A parish and the archdiocese of Warsaw have been forced to apologise after a priest withheld communion from a moderate Catholic presidential candidate.
Driving the news
Szymon Hołownia, a Polish journalist and TV presenter running in this year’s presidential election, denounced that he was denied the Eucharist at a recent Mass, as Notes from Poland reports.
The devout Catholic told of how in the communion line the priest “turned his back” on him, proceeding instead to distribute the Host to other congregants and saying: “Conscience does not allow [me] to do so [give you communion]. Because of the views you are preaching”.
Hołownia is yet to nail down a precise presidential agenda, preferring instead to wait to hear citizens’ feedback in townhall meetings.
But in announcing his independent candidature in December, he presented himself as “a man who – coming from the bottom – can repair what was destroyed from above”.
“I want a president who will (…) unite divided people”, the journalist declared, adding Poland can only be fixed by “somebody from the outside”.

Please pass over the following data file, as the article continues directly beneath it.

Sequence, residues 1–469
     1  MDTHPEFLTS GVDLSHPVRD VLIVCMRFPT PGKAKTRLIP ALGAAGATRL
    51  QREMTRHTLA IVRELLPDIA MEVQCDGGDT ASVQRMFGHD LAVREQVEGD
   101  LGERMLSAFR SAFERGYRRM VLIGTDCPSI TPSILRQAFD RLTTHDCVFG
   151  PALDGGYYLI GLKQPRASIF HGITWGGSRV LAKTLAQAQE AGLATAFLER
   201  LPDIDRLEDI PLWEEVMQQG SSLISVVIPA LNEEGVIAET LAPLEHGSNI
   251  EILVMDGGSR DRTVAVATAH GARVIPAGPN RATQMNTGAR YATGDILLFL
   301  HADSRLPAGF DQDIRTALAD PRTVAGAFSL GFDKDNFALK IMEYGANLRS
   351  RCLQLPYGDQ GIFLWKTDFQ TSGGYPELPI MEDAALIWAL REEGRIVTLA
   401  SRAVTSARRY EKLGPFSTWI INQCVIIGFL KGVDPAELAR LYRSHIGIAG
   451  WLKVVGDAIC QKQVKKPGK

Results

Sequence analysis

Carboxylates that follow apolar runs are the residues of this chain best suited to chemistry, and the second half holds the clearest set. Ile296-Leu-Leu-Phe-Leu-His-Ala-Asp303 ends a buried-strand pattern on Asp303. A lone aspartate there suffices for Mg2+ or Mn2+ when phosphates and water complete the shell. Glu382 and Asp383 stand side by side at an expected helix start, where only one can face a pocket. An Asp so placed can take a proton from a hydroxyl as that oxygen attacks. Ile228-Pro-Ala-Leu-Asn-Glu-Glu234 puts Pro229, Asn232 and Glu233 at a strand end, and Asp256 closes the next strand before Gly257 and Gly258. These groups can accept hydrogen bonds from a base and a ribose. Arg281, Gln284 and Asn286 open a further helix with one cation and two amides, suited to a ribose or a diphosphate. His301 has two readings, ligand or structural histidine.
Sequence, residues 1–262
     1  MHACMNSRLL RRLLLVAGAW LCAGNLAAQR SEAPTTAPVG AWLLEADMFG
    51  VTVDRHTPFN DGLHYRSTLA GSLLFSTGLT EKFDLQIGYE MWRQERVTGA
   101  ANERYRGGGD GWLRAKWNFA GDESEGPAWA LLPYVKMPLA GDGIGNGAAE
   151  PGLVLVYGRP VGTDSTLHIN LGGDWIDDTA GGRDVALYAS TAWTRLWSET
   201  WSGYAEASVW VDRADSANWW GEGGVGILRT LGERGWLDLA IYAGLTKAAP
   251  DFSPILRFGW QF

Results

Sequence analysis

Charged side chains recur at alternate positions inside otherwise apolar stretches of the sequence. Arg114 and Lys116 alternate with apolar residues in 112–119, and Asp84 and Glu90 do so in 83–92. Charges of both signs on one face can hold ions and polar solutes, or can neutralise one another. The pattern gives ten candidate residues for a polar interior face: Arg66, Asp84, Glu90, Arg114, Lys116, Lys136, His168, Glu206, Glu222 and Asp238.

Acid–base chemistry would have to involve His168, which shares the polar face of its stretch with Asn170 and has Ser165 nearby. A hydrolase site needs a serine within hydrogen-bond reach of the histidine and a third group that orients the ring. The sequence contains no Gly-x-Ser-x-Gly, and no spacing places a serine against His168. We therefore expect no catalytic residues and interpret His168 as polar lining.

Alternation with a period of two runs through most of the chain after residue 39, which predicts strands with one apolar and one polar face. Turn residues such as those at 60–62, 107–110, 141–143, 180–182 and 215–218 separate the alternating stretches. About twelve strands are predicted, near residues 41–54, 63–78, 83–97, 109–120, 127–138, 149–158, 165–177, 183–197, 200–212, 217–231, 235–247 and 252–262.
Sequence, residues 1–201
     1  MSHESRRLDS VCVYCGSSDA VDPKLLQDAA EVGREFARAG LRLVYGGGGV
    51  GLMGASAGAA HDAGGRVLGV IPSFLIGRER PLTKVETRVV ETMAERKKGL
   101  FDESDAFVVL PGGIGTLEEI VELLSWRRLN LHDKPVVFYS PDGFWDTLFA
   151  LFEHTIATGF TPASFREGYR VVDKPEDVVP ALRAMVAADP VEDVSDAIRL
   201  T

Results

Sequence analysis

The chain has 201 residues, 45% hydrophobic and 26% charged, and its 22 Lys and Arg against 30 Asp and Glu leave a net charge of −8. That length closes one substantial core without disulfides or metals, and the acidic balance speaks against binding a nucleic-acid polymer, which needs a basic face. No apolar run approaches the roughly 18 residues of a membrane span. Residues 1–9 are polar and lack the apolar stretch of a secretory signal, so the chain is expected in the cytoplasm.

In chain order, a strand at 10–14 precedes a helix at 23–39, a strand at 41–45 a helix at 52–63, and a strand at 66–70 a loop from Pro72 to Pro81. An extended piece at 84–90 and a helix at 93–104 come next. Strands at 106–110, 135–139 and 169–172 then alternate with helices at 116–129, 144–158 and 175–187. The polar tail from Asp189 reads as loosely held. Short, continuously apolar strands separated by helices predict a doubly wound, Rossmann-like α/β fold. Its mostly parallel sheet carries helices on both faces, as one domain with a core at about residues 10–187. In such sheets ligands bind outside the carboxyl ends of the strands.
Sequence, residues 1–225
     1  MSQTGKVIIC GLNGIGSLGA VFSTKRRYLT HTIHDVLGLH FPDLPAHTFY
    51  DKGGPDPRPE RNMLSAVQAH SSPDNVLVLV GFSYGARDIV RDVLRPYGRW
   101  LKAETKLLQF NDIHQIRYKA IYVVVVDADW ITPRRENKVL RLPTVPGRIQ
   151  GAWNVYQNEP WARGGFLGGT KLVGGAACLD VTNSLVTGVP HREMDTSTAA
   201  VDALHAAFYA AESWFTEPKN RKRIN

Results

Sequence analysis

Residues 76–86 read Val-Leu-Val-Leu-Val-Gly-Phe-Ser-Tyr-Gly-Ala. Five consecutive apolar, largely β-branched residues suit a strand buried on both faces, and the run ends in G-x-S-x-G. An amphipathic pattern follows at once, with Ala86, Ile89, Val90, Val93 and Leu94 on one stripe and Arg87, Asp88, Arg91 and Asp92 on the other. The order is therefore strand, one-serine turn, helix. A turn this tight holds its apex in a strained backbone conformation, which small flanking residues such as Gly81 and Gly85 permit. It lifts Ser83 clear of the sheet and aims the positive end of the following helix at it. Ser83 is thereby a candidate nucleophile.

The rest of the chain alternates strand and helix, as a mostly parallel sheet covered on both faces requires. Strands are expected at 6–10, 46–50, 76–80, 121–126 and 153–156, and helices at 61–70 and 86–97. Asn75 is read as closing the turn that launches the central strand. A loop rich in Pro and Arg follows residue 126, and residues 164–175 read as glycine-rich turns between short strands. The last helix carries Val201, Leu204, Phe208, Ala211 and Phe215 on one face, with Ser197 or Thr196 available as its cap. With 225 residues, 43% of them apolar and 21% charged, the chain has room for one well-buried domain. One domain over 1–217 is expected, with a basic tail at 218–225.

Hołownia – who is currently polling in third place in election surveys, with around a 10% estimated vote – has since voiced support for “a friendly separation of Church and State”, as well as for Poland’s current abortion law, which has been fiercely criticised by Catholics and right-wing activists.
Why it matters
The Warsaw priest who denied Hołownia communion ended up giving the communicant the sacrament, but only after Hołownia confronted the cleric on his ignorance of his conscience and inner motivations.
The journalist nonetheless said the traumatic experience had been formative for him, in the sense that it allowed him “to understand those that are excluded from the Church”.
“I am sure that the priest had good intentions”, the TV presenter admitted.
“He probably wanted to protect the Church, Jesus, and values that are close to him (…).
“The question is, whether he should do it without even a conversation with the person that he is publicly excluding from the community”.
For the record
That argument appeared to be convincing to the Warsaw archdiocese, which through a spokesperson apologised to Hołownia, admitted the priest had “broken Church rules” and said “the issue will be resolved”.
The apology from the archdiocese was followed up by a statement from the parish in which the incident took place, voicing “regret” for a situation which “should not have taken place”.
The priest who denied Hołownia the sacrament has since been reprimanded and reminded of Church discipline on giving communion, the parish statement added.
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